The long-awaited Tax Court decision in Estate of George H. Bartell, et al. v. Commissioner (briefs were filed in 2007) was issued recently (147 T.C. No. 5). The court held that property to which an exchange “facilitator” engaged by a taxpayer takes legal title from a third party, but in which the facilitator does not hold burdens and benefits of ownership, is property the taxpayer can acquire to complete an exchange under Internal Revenue Code Section 1031.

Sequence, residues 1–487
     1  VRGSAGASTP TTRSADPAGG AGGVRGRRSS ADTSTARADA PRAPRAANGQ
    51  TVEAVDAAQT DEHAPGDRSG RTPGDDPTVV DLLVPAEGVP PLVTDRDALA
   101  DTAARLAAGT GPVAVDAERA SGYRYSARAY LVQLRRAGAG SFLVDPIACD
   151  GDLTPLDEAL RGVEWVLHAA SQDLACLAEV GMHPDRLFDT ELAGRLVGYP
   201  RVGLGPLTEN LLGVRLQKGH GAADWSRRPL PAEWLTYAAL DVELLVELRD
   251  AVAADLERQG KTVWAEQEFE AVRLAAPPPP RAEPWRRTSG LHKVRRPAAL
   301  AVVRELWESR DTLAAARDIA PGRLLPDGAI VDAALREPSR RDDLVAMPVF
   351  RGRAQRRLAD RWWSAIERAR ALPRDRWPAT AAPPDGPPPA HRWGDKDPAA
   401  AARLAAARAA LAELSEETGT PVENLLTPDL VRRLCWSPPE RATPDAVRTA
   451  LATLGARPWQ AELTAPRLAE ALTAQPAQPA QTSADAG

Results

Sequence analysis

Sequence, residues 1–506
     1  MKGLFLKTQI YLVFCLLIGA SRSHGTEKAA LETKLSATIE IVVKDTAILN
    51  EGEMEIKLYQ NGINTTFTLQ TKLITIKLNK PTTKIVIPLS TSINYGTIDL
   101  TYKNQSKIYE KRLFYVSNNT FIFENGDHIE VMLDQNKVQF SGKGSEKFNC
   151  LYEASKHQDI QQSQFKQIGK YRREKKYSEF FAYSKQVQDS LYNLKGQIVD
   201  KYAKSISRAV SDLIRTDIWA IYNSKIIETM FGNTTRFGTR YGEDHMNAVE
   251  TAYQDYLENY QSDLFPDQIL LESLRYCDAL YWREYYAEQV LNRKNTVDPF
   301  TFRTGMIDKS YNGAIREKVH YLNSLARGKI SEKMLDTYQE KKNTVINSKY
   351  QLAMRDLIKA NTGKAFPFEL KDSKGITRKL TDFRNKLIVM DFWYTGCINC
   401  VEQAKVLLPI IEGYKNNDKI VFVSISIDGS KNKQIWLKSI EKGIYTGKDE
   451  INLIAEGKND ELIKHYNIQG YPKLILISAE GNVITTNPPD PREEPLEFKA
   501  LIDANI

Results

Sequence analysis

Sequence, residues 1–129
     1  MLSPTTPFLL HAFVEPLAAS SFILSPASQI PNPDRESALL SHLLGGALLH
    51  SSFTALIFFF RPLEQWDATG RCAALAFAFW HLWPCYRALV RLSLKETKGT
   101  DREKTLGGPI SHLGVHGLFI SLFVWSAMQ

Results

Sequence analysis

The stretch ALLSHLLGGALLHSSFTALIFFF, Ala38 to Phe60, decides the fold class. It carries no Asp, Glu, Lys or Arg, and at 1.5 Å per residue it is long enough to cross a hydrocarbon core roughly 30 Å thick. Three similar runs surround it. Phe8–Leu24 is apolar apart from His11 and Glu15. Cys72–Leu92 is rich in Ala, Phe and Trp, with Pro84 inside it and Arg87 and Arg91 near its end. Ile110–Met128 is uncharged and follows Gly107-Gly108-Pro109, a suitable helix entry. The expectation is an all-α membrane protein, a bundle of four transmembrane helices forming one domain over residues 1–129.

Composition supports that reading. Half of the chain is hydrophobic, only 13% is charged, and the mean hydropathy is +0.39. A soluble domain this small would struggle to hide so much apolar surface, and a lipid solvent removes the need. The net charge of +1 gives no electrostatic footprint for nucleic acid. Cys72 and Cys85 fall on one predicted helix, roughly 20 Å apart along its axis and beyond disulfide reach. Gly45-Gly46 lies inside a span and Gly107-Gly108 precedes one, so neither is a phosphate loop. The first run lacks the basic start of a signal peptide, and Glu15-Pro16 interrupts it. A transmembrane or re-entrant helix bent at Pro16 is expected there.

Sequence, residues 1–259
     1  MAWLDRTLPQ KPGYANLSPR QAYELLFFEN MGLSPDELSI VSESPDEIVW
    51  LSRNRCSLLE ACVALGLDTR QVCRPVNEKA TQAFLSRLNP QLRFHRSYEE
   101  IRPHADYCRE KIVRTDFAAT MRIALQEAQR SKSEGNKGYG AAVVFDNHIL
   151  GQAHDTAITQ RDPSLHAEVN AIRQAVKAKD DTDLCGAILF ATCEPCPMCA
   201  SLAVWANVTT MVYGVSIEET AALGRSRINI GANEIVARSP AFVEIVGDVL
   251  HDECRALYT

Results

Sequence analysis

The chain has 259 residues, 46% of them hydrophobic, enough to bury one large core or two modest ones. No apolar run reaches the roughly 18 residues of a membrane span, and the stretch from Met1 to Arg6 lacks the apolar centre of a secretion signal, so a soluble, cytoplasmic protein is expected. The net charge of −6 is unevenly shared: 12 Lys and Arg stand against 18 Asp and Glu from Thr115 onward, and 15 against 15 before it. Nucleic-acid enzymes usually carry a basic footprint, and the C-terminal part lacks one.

Briefly stated, the principal facts of the case are that the taxpayer held appreciated real property (i.e., property having a value in excess of its tax basis) it wanted to transfer in a nonrecognition transaction under Section 1031 (such property, “relinquished property”). The taxpayer located land on which it wanted to construct improvements, and then use in its business (such land and improvements, together, the “project”). The taxpayer wanted to exchange the relinquished property for the project under Section 1031. (The petitioners were the shareholders of an S corporation, Bartell Drug Co. (“Bartell Drug”), which was the subject of the tax examination; for convenience, references below to “taxpayer” are generally to Bartell Drug.)